Energising Development (EnDev) Indonesia

Project description

Title: Energising Development (EnDev) Indonesia
Commissioned by: German Federal Ministry for Economic Cooperation and Development (BMZ), Ministry of Foreign Affairs of the Netherlands, Norwegian Ministry of Foreign Affairs, UKaid, Swiss Agency for Development Cooperation (SDC), Swedish International Development Cooperation Agency (SIDA)
Country: Indonesia
Lead executing agency: Directorate General of New, Renewable Energy and Energy Conservation (DG NREEC), Ministry of Energy and Mineral Resources Republic of Indonesia
Overall term: 2009 to 2019

Thanks to EnDev, more than 100 micro-hydropower stations have been set up. © GIZ

Context

Electricity is not universally accessible in Indonesia. With a population of approximately 260 million people, there are an estimated 20 million people still living without electricity. Those people reside in remote villages, where electricity is sporadically generated from diesel generators with high operational costs and negatively impacting the environment.

Since 2012, the Indonesian Government has been deploying photovoltaic (PV) mini-grids to supply electricity in remote villages, on top of micro hydro power which has been flourishing in the past years. PV mini-grids are the most effective in addressing electricity access to the small outer islands where electricity and power grids are lacking. However, in the absence of long-term support to the beneficiaries, many systems are vulnerable to hasty deterioration. Maintaining sustainability of the system is hindered by limited skills of the local operators, while both technical and financial support is sparsely available.

Objective

The project is ensuring sustainable access to modern energy for 228,000 people in rural areas, as well as 1,650 social institutions such as schools and health centres, and 2,350 rural businesses through the application of renewable energy technologies. It is also institutionalising the know-how and experiences to the local actors.

A blacksmith’s work made easier: an electric bellows rekindles the embers. © GIZ

Approach

The EnDev Indonesia Project specialises in rural electrification through small-scale renewable energy powered mini-grids. The systems are operated, maintained, managed and administered by the community or village cooperatives. The mini-grid infrastructures are mostly funded by the Indonesian Government through various ministries and local government offices, while  the project is working on:

  • Technical assistance and policy advice
  • Capacity development measures through training, mentoring, and facilitation
  • Sustainability monitoring methods
  • Gender equality in energy management and utilisation

EnDev Indonesia has been implementing a series of capacity development measures among others training for rural facilitators to assist the community in managing their electricity facilities, training for cooperative members and rural entrepreneurs on business skills. Knowledge and experiences from the implementation are documented and transformed into knowledge products such as guidelines and best practices disseminated to mini-grid operators, local government agencies, and other relevant actors in the sector.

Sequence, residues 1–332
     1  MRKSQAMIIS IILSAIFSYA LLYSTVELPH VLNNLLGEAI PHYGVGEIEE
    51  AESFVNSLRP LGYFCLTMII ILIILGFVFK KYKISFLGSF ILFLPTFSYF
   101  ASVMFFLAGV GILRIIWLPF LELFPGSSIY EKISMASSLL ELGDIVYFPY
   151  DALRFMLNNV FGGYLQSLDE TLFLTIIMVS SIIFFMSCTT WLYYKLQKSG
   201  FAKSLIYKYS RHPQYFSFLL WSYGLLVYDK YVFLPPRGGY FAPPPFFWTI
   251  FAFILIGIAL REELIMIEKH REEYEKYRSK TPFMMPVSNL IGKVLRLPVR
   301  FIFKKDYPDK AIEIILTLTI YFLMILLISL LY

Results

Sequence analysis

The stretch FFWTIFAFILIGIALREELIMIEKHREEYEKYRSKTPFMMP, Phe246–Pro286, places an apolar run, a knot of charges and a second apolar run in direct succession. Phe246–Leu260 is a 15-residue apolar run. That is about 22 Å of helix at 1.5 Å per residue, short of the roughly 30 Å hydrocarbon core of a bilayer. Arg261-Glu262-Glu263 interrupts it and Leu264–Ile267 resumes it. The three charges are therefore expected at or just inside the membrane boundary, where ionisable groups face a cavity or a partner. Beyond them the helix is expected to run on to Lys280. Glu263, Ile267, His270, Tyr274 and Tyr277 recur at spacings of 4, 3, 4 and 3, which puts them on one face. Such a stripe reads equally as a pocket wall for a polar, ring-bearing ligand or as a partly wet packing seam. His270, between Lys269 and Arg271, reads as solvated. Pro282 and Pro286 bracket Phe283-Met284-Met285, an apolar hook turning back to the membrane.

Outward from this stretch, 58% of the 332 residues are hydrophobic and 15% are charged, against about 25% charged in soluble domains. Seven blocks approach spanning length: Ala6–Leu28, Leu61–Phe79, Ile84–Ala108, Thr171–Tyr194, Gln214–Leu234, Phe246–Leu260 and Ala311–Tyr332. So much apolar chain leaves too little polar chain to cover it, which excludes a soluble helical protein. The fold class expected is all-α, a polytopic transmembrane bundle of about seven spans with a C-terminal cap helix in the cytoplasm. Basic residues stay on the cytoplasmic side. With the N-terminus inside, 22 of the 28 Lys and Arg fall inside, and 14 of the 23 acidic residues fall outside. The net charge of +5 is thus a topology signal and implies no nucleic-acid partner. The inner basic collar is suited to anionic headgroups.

EnDev Indonesia is working toward a sustainable infrastructure setup and believes in strong collaboration with various ministries. Aligned with Indonesia’s current agenda in maritime sector and rural development, the project facilitates inter-sectoral collaboration with sustainable energy supply as a common thread in the agenda.

Results

  • Up until the end of 2017, EnDev Indonesia has supported the provision of electricity to over 198,000 people, 1,500 social institutions and 2,200 rural businesses. The electricity is provided by 892 mini-grids, both micro-hydro and solar power, installed throughout the archipelago by various government and non-government initiatives.
  • An Inspection Guide for the PV Mini-grid is available for public use, which was compiled based on technical inspection implemented throughout three years. It has been used widely by both public agencies and private companies to help check the installation quality of hundreds of PV mini-grids.
  • A Training Manual for the Village Management Team is available as a manual to conduct training on the operation and management of a mini-grid. The manual was used at least by 30 field facilitators working on small outer islands.
  • A Series of Training Modules and Posters on Rural Mini-grids, covering technical, managerial, and gender equality topics, are disseminated to the supported villages and are available for public use. This includes the Troubleshooting Poster for Micro Hydro Power and photo voltaic Mini-grids,  the Poster on Catchment Area Protection, and the Poster on Gender Equality in Management and Utilisation of Electricity.
  • A Rural Electrification Map (or RE-Map) is the consolidation of geo-location information of mini-grids in Indonesia. This interactive map aims at assisting the government in collecting, storing, and later sharing the information of rural electrification projects in the country. This could be a tool for better coordination and planning.
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Additional information